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'When I first started watching football in Mayo, Ciaran McDonald was at the height of his career'

Diarmuid O’Connor is excited to learn from the Mayo legend this season.

Ciaran McDonald played in three All-Ireland finals for Mayo.
Ciaran McDonald played in three All-Ireland finals for Mayo.
Image: Morgan Treacy/INPHO

THREE OF THE most iconic forwards from the late 1990s and early 2000s were undoubtedly Maurice Fitzgerald, Padraic Joyce and Ciaran McDonald.

The flamboyant attackers lit up the game during their inter-county careers, reaching heights few other players touched before or since.

Fitzgerald scored 12-205 in 58 championship games for Kerry, Joyce hit 28-279 in 66 games for Galway and McDonald posted 13-96 in 39 outings with Mayo.

While all three men were undoubtedly gifted technically, they each possessed a steely edge that came from facing down teak-tough defenders over the years.  

The trio have since taken their knowledge and transitioned into coaching with their native counties.

Fitzgerald has been part of the Kerry coaching set-up since 2017, while Padraic Joyce has taken charge of Galway for the coming season.

Last month it was announced that Mayo legend Ciaran McDonald had been added to James Horan’s backroom team.

The former centre-forward was heavily involved with Mayo developmental squads before he answered the call to join Horan’s senior ranks.

McDonald and Joyce will meet on the sideline on Sunday when their counties face-off in the FBD League semi-final.

For Mayo’s Diarmuid O’Connor, working alongside McDonald is a dream come true.

“When I first started watching football in Mayo, Ciarán was at the height of his career,” he says.

“It’s great to have him involved now. He’s already done a lot of work in his own club with underage football. Great experience, great knowledge. I’m looking forward to working with him in the year ahead.

“I’ve only joined in with the panel the last week or two so I haven’t worked with him that much. But I’ve already got little nuggets off him.

“Just talking to the other players, you would hear of them getting advice off him. Anywhere he can offer advice he does and it’s great to have him around.

“So far [he's been doing] more one-on-one stuff. He wouldn’t be one of the biggest talkers in the dressing-room so far but that might change as the year goes on.

“I’ve only been there a couple of weeks so I haven’t worked that closely with him yet but I’m looking forward to working with him for the rest of the year.”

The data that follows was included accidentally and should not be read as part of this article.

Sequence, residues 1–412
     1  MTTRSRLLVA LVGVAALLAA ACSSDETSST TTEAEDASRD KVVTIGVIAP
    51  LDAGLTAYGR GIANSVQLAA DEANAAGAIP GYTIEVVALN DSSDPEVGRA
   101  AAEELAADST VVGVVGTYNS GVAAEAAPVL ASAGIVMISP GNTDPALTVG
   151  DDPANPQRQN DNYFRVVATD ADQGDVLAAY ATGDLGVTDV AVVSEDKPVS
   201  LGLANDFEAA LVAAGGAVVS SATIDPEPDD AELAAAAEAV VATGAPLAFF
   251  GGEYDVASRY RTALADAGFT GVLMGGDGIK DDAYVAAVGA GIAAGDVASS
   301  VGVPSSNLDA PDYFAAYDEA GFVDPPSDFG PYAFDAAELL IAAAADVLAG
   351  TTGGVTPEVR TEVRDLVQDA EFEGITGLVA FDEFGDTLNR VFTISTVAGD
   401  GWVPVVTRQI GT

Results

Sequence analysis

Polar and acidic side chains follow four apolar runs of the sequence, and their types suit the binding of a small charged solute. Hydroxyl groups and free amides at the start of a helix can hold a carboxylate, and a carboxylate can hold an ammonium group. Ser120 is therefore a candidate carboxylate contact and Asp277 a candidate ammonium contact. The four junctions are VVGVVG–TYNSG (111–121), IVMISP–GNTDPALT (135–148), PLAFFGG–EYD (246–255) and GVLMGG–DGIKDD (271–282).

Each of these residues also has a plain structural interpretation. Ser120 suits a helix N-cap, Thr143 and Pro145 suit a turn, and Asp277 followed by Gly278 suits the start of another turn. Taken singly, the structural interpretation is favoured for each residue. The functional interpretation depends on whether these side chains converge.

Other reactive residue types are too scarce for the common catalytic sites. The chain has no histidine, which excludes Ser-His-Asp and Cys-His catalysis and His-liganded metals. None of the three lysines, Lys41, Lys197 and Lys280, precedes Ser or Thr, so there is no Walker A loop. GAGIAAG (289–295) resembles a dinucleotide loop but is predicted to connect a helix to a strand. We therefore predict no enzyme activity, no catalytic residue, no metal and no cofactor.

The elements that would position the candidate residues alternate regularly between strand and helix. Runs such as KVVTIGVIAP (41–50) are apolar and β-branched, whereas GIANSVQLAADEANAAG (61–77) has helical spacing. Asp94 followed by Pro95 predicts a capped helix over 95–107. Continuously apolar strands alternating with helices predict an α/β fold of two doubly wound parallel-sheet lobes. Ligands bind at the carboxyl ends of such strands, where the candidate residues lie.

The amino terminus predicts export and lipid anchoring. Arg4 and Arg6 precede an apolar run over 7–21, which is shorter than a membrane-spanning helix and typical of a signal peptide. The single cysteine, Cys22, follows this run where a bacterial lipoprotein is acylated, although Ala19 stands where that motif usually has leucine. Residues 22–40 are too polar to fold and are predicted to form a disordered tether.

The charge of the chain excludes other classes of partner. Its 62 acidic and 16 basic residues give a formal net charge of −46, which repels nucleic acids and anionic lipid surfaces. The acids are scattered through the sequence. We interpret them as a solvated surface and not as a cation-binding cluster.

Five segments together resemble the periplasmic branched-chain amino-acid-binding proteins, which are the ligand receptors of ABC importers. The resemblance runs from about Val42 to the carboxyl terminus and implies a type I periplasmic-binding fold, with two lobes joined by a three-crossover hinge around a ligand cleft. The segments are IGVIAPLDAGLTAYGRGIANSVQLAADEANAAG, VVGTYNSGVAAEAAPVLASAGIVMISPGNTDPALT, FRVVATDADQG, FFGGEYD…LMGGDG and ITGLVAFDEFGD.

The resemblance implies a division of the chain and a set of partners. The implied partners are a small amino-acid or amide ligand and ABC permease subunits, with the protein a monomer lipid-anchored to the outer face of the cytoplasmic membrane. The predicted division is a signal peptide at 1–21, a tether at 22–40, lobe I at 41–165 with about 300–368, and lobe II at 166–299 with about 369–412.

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O’Connor was named captain of Mayo last season but endured a difficult campaign with injury.

allianz-football-league-2020-launch Diarmuid O'Connor was in attendance at the Allianz Football League 2020 launch in Dublin. Source: Brendan Moran/SPORTSFILE

He suffered a broken eye socket during training in May before breaking his wrist during the summer which caused him to miss their run through the qualifiers and the entire Super 8s campaign.

“It wasn’t really a goal of mine. I didn’t really expect it – it was a great honour. To be honest, it didn’t change a whole lot for myself.

“I always try to lead on the pitch whether I’m captain or not. Last year I wasn’t able to do that as much as I would have liked. The games I missed, it was a bit frustrating.

“I had a couple of injuries. A fractured eye-socket and a fractured wrist and then a couple of muscular injuries. It was frustrating missing out and not getting a run of games. I was back fit at the end of the year but it was disappointing the way it finished.”

O’Connor returned to the team for the All-Ireland semi-final against Dublin, which Mayo lost by 10 points after a poor second-half showing. 

“Obviously it’s very disappointing getting knocked out of the championship. You just have to park it, learn from it.

“You can’t just completely forget about it, you have to look at what went wrong and why they went wrong. Just taking any learnings you can from it and putting them into practice over the last few weeks, just trying to improve on them for the new season.”

He shut down the notion that Jim Gavin’s departure from Dublin is a boost for their Sam Maguire rivals.

“I don’t know if it is much of a boost or whatever for other counties. If you’re getting a boost of that you’d want to have a look at yourself.

“We’ve too many things to be worrying about ourselves than to be looking at other counties so as I said there’s lots of small areas where we can improve our game. Yeah, just working on ourselves.”

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About the author:

Kevin O'Brien

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